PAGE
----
Book of the Week


Confederate Slave Impressment in the Upper South
by Jaime Amanda Martinez

"Martinez challenges the standard critiques of slave impressment with fresh and substantial evidence. An original contribution to Civil War scholarship."
--George Rable
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David T. Gleeson: Irish Confederates and the Meaning of American Nationalism

The Green and the Gray: The Irish in the Confederate States of America by David T. Gleeson

[This article is crossposted at uncpressblog.com]

Today we welcome a guest post from David T. Gleeson, author of The Green and the Gray: The Irish in the Confederate States of America. A new history of the Irish in the Confederacy, The Green and the Grey evaluates the ambiguities and complexities of the Civil War experience for Irish Americans in the South. Taking a broad view of the subject, Gleeson considers the role of Irish southerners in the debates over secession and the formation of the Confederacy, their experiences as soldiers, the effects of Confederate defeat on Irish Americans and their emerging ethnic identity, and their role in the rise of “Lost Cause” ideology. Focusing on the experience of Irish southerners in the years leading up to and following the Civil War, as well as on the Irish in the Confederate Army and on the southern homefront, Gleeson argues that the conflict and its aftermath were crucial to the assimilation of Irish Americans in the region. Throughout the book, Gleeson draws comparisons to the Irish on the Union side, expanding his analysis to engage the growing literature on Irish identity in America.

In a previous post, Gleeson explored how Irish immigrants in Charleston “became southern” by participating in Lost Cause memorializing. In today’s post, Gleeson explains how studying Irish identity in the Civil War can shed light on American identity as well.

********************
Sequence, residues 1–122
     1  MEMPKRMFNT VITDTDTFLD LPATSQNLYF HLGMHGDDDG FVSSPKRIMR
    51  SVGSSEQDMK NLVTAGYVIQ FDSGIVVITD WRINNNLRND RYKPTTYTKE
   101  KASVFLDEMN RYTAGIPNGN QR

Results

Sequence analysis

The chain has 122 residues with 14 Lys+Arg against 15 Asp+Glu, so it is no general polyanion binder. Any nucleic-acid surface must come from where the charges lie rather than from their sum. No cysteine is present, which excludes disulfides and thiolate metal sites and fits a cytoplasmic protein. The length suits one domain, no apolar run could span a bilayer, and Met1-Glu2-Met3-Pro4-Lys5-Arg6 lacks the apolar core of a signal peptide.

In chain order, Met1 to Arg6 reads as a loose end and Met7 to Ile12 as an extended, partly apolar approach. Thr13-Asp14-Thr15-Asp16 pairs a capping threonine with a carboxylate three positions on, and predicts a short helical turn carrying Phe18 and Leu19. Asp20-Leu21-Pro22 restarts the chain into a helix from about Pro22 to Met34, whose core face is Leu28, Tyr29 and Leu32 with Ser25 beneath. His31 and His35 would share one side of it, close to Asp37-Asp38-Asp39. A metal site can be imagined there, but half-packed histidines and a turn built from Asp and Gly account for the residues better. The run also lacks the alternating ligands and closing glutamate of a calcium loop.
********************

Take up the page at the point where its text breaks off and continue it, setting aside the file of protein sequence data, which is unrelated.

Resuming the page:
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In early November 1860 New Orleans resident Michael Nolan, an Irish immigrant originally from County Tipperary, but who now owned a coffeehouse in the French Quarter, campaigned hard for the election of National Democrat Stephen Douglas to the presidency. Nolan loved the Union, it seemed, and did not want it to break up. In the sectional crises of the 1850s the Irish, in both the North and the South, had been on the side of compromise and opposed to any extremist positions that might threaten the United States, which had provided refuge from political discrimination and economic blight in Ireland. Yet shortly after Abraham Lincoln’s victory in that election, Nolan and hundreds of fellow Irish New Orleanians marched through the streets in support of Louisiana’s secession. As a member of the Louisiana militia, in his case the Irish “Montgomery Guards,” Nolan had gone from being a defender of the United States to one of the “Republic of Louisiana.” He would go on to become a prominent Confederate officer reaching the rank of Lieutenant Colonel, serving with distinction, before being killed in action at the Battle of Gettysburg.

Yet while Nolan and thousands of other Irish men from New Orleans were off fighting in Virginia, Mississippi, and Tennessee, others at home undermined the Confederate cause. Some guarding the city mutinied, allowing Union forces to occupy it without firing a shot. Most accepted the defeat with ease, and Union commander General Benjamin “the Beast” Butler found the Irish helpful in his running of the fallen city. Back at the front, Irish Confederate soldiers retained a reputation for being brave soldiers but were also more likely to desert than native Confederates. It seems that the Irish in the South could shed their American nationalism for a Confederate one, and, after defeat, take up the American again just as easily.

As an immigrant myself, I can attest that one’s sense of identity is heightened by the immigration experience. In your new country, even when your language is the same as the natives, you suddenly you have an “accent,” your religion and culture are different, and you must adapt to new social and political realities. Immigrants then give us valuable insights, not only into their own changing identity, but also that of the host country. Irish immigrants in the South had to become Americans and Confederates. They had to negotiate the cultural traits they brought from Ireland with the demands of loyalty to their new home. And it was this Irish cultural baggage which played the key role in binding them to the United States and the Confederacy. keep reading →

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David T. Gleeson: Immigrants and American Wars: The Irish Confederate Experience

The Green and the Gray: The Irish in the Confederate States of America by David T. Gleeson

[This article is crossposted at uncpressblog.com]